IRS Disallowed Credit: What to do if your claim for EITC is denied
Making an error on your tax return can delay receiving you refund or the IRS may deny some or all of a credit claimed. Here’s what to do when that happens…
The Earned Income Tax Credit (EITC) can put thousands of dollars in taxpayers’ pockets that qualify to claim it. The credit is aimed at low-income workers and their families possibly worth almost $7,000. However, the credit comes with strict rules on who is eligible and the amounts that they can claim.
The Internal Revenue Service warns taxpayers that they are responsible for making sure that everything on their tax return is correct, even if someone else prepares it for you. Mistakes could result in your refund being delayed, an audit or the tax agency denying some or all of a credit claimed.
In the event that the IRS finds that you sent an erroneous tax declaration, the agency will send you a letter to inform you. You will need to pay a penalty and any money, along with interest, that you may owe the IRS if reasonable cause does not apply.
Additionally, the following year you will need to submit a Form 8862 with your tax return if you are eligible to claim the credit in question and do so. Here’s a look at what happens when the IRS disallows a credit and what you need to do…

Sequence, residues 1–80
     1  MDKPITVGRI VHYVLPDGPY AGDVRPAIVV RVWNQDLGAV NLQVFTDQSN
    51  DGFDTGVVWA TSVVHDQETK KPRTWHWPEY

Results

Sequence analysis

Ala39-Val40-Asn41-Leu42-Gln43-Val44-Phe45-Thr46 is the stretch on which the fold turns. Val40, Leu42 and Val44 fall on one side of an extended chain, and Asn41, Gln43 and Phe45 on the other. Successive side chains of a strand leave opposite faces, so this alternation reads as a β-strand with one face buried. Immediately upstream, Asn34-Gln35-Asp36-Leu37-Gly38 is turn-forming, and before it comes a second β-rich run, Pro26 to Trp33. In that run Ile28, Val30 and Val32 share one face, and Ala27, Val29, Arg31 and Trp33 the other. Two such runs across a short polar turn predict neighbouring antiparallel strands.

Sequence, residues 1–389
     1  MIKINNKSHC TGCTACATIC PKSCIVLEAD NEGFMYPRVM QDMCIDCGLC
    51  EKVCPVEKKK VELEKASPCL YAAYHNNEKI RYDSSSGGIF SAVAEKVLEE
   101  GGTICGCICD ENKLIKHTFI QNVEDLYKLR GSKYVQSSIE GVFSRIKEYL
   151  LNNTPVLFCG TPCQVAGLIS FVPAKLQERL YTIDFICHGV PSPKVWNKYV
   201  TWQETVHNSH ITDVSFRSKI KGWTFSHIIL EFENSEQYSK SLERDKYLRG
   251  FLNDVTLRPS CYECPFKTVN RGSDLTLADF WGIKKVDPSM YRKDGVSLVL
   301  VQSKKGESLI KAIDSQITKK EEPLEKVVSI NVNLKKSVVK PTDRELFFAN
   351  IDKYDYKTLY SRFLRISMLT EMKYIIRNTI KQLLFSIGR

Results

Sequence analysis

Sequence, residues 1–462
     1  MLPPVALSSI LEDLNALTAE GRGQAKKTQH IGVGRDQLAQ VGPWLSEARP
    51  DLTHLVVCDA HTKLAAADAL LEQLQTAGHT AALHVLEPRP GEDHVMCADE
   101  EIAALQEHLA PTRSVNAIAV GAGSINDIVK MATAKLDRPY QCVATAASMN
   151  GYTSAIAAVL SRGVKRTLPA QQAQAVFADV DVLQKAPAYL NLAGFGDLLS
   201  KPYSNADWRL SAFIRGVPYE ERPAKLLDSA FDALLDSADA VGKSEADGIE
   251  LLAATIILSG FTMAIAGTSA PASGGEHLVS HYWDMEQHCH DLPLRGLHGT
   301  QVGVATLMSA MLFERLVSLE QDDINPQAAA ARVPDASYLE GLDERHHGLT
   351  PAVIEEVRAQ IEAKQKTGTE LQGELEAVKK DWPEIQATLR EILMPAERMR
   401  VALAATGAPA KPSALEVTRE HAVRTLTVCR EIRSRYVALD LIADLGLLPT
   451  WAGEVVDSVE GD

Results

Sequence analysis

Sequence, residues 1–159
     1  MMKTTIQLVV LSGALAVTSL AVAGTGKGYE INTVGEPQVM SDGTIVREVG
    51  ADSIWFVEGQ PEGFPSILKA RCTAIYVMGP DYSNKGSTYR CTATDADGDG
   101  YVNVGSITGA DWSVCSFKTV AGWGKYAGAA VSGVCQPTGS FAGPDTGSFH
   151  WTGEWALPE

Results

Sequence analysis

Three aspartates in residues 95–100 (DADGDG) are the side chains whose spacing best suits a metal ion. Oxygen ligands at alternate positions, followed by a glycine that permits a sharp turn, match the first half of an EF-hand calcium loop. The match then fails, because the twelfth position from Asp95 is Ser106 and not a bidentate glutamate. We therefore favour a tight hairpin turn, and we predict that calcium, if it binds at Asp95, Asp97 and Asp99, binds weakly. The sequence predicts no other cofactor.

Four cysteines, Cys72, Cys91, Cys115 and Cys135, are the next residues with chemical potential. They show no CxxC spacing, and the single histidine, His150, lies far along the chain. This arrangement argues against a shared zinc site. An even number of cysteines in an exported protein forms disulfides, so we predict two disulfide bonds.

What to do if your claim for EITC is denied
Making a mistake when claiming the EITC may carry with it a penalty on top of paying the amount of the credit that you weren’t eligible to claim, plus interest. This also applies to the Child Tax Credit (CTC), Additional Child Tax Credit (ACTC), Credit for Other Dependents (ODC) and American Opportunity Tax Credit (AOTC).
Depending on the circumstances you may also be banned from claiming the EITC for 2 to 10 years (this does not apply to the other credits). The IRS will send you a letter if you are denied some or all of the credit or credits that you claimed. You can dispute the penalty by calling the IRS at the number in the upper right corner of the letter you receive or you can write to the agency.
However, if you are not banned from claiming the credit and meet all the requirements to do so the following year, you will be required to fill out a Form 8862, “Information to Claim Certain Refundable Credits After Disallowance”, and submit it with your tax return. That is unless the IRS automatically recertifies you, the agency will send you a CP74 or other letter to inform you that filing a Form 8862 with your tax return will not be necessary to receive the credit.
Most common errors when claiming the EITC
Taxpayers will be banned from claiming the EITC for two years if the final decision was based on reckless or intentional disregard of the rules on the part of the filer claiming the EITC. In the case of fraud when claiming the EITC, the ban is ten years.
However, there are some common errors that filers make when claiming the EITC, be they in the math, clerical or miscommunication. The IRS lists five of them:
The federal tax agency provides tips on how to avoid making a slip-up when preparing your tax return so that you can avoid any problems when it comes to accurately filing your tax declaration.
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